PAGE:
With nearly 98,000 cases globally in 13 countries, and more than 3,300 deaths from the new coronavirus, industry analysts and manufacturers are watching for its effect on markets from multiple angles.
Brown Machine Group, the Beaverton, Mich.-based thermoforming equipment manufacturer, said it is monitoring the impact of coronavirus with a management action team.
"While the risk for our manufacturing sites remains low, each [group] is working on proactive steps for assessment of increased risk and [spreading] prevention as well as contingency plans for possible work reduction or necessitated plant closures," it said in a March 5 letter to customers. "Employees are being educated on recognition and prevention of virus transmissions."
Home appliance giant Whirlpool Corp. said in an emailed statement to Plastics News that it is focused on the "health and safety of our employees,"
"At this point, the business impact of the coronavirus is largely concentrated in our Asia and [Europe, Middle East and Africa] regions," the statement said. "While we are monitoring potential component shortages very closely, we are currently experiencing only minor supply chain issues in select product segments in our North America and Latin America regions."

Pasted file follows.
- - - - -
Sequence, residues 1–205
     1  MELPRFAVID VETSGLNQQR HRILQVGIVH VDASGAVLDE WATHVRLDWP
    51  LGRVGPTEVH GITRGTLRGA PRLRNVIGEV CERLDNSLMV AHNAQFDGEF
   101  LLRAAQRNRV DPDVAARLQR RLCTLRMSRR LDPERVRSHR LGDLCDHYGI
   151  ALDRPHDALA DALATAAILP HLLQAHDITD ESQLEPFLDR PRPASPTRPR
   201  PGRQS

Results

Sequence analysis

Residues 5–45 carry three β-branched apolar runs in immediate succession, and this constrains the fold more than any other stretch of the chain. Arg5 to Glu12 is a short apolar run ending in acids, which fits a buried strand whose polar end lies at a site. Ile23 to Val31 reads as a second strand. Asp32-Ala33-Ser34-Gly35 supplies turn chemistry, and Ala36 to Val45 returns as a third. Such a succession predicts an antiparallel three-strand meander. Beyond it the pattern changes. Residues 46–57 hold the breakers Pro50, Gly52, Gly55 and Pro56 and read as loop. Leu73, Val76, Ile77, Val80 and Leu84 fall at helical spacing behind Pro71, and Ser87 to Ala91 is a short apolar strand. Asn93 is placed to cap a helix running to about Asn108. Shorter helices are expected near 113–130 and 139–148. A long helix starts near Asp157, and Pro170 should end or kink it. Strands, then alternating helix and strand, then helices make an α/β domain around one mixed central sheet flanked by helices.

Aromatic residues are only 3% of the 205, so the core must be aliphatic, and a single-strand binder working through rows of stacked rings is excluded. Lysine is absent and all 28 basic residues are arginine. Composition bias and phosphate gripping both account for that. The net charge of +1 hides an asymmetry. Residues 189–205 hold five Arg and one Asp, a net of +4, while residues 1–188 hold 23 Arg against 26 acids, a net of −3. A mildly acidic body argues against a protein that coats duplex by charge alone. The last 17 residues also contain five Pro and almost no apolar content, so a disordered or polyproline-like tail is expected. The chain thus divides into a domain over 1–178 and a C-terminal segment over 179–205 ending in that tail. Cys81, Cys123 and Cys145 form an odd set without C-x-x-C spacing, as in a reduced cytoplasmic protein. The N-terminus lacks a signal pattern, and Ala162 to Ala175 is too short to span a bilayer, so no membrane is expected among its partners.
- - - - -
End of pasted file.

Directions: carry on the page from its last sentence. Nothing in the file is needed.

"As the situation remains fluid, we are in continuous contact with our entire supply base, and are actively monitoring and evaluating our operations to take appropriate actions," it said.
CEO Marc Bitzer, said in the company's year-end earnings call Jan. 28 that he didn't expect a major impact from the virus.
"Our biggest concerns right now are around our people, but it so far looks like all our 10,000 people are safe and healthy," he said.
Jeff Schuster, president of global vehicle forecasting at LMC Automotive, said in a tweet March 4 that analysts expect the virus to have an impact on U.S. auto sales.
"We now expect a coronavirus-related pullback in U.S. auto sales to be inevitable. It is only a question of how much and how long. We have initially cut 2020 by [about 300,000] to 16.5 million units."
Though public health officials say the overall risk of exposure to the virus is low, on March 3, the U.S. Environmental Protection Agency released a list of registered antimicrobial products that can be used against the virus. The EPA's list included products from brands including Clorox, Lysol and Purell.